Brexit is expected to dominate the agenda as leaders from across the UK and Ireland attend a summit meeting on the Isle of Man later today.
Taoiseach Leo Varadkar; Cabinet Office Minister and the UK’s de facto deputy prime minister David Lidington; Scottish First Minister Nicola Sturgeon; and First Minister of Wales Carwyn Jones will be among those attending the British Irish Council (BIC) summit.
Representatives of the governments of Guernsey, Jersey and the Isle of Man will also participate in the 31st summit meeting of a forum set up as part of Northern Ireland’s Good Friday peace agreement.
Northern Ireland ministers have been absent from the twice-yearly gatherings in recent years due to the powersharing crisis at Stormont. But Northern Ireland Secretary Karen Bradley will attend the event.
The BIC summit is the last before Brexit and comes amid ongoing deadlock over the thorny issue of the Irish border.
The UK and EU’s failure to agree a “backstop” position - to maintain a free-flowing border even if a wider trade deal fails to materialise - continues to stand in the way of an agreed exit deal.
The devolution impasse in Belfast is also set to feature in the political discussions on Friday, with the UK and Irish governments having yet to agree a strategy on how to re-initiate talks between the region’s rowing politicians.
UK prime ministers have attended BIC meetings in past, but not on a regular basis and not in recent years.
At summit meetings in the last two years, Theresa May has been criticised for not attending, given the challenges to the participating governments presented by Brexit.
Meanwhile, Mrs May faced a fresh Brexit headache as her plans risked a rift with her Democratic Unionist Party allies.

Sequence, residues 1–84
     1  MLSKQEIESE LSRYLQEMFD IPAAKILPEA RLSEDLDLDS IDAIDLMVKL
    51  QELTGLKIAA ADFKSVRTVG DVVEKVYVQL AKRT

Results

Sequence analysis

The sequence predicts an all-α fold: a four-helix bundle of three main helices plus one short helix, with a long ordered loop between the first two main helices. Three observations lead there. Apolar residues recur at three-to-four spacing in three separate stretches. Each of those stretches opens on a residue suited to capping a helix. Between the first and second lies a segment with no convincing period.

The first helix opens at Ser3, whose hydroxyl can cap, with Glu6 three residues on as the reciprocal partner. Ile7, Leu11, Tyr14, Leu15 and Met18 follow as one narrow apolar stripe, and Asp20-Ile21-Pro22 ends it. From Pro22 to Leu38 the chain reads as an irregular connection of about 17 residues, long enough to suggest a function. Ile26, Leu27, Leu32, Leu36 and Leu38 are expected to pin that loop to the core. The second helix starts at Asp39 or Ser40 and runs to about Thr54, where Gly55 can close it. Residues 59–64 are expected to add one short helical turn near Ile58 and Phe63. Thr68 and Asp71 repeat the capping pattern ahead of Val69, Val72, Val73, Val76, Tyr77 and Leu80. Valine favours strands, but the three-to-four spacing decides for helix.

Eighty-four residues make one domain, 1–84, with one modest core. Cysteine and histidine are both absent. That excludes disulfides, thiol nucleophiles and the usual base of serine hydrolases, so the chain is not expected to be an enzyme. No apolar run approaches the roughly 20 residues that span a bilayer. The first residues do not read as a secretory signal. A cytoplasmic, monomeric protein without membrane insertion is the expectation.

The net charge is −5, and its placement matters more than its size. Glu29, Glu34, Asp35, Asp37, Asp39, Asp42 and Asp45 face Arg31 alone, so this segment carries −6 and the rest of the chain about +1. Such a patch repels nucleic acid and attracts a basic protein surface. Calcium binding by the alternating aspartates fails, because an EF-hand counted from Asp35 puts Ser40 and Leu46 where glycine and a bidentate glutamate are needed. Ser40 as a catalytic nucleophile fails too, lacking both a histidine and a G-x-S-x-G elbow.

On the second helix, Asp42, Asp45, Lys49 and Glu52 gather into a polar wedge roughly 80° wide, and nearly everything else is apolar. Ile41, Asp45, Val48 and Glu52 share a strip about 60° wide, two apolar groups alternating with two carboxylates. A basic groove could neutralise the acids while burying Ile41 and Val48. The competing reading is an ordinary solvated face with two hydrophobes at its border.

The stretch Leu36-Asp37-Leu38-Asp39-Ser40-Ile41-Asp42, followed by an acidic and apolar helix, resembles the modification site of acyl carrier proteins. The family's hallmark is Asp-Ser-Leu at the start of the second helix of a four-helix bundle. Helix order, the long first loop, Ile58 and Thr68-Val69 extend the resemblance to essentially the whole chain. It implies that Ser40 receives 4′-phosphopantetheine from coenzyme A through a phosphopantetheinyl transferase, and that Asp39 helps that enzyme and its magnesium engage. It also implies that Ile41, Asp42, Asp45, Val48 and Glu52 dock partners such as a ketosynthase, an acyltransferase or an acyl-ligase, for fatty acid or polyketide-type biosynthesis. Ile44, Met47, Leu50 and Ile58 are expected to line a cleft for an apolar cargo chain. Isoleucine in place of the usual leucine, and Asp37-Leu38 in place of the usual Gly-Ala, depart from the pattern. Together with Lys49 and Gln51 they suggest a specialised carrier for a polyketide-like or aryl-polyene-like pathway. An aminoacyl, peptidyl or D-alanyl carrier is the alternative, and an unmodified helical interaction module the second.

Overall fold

DUP leader Arlene Foster said the Prime Minister appeared “wedded to the idea of a border down the Irish Sea” despite Downing Street’s assurances to the contrary.
The European Union’s fallback proposal aimed at avoiding a hard border between Ireland and the UK would effectively keep Northern Ireland aligned with Brussels’s customs union and single market.
A leaked letter from the Prime Minister to Mrs Foster and her deputy Nigel Dodds set out Mrs May’s approach.
She wants a “backstop” measure which would create a temporary “joint customs territory” with the EU for the whole of the UK.
But Brussels appears set to insist on a Northern Ireland-only “backstop to the backstop” in case negotiations on a wider UK approach break down.
In the letter, obtained by The Times, Mrs May said: “I am clear that I could not accept there being any circumstances or conditions in which that ‘backstop to the backstop’, which would break up the UK customs territory, could come in to force.”
But the DUP has interpreted the wording of her letter to mean that the measure will be contained in the Brexit divorce deal despite Mrs May’s insistence it will never come into effect.
Mrs Foster said: “The Prime Minister’s letter raises alarm bells for those who value the integrity of our precious union and for those who want a proper Brexit for the whole of the UK.
“It appears the Prime Minister is wedded to the idea of a border down the Irish Sea with Northern Ireland in the EU single market regulatory regime.”
The Prime Minister relies on the support of the DUP’s 10 MPs for her Commons majority, votes which may become crucial as she attempts to get a deal through Parliament.
A Downing Street spokesman said: “The Prime Minister’s letter sets out her commitment, which she has been absolutely clear about on any number of occasions, to never accepting any circumstances in which the UK is divided into two customs territories.
“The Government will not agree anything that brings about a hard border on the island of Ireland.”
Any version of the backstop would apply unless and until a wider UK-EU deal on the future relationship solved the issue of how to avoid a hard border with Ireland.
Downing Street has played down suggestions that a Brexit deal is imminent, after European Council president Donald Tusk appeared to indicate a breakthrough could come within the next week.
A senior UK Government source said that reports in the European media that a deal could come in the next few days should be taken “with a very large pinch of salt”.
A potential sticking point could be demands for EU fishing fleets to be given continued access to British coastal waters as the price for agreeing to Mrs May’s UK-wide backstop, the Daily Telegraph reported.
A UK-wide customs deal would maintain quota-free and tariff-free access to European markets for the British fishing industry and in return the EU wants to keep continued access to UK waters for its trawlers, the newspaper said.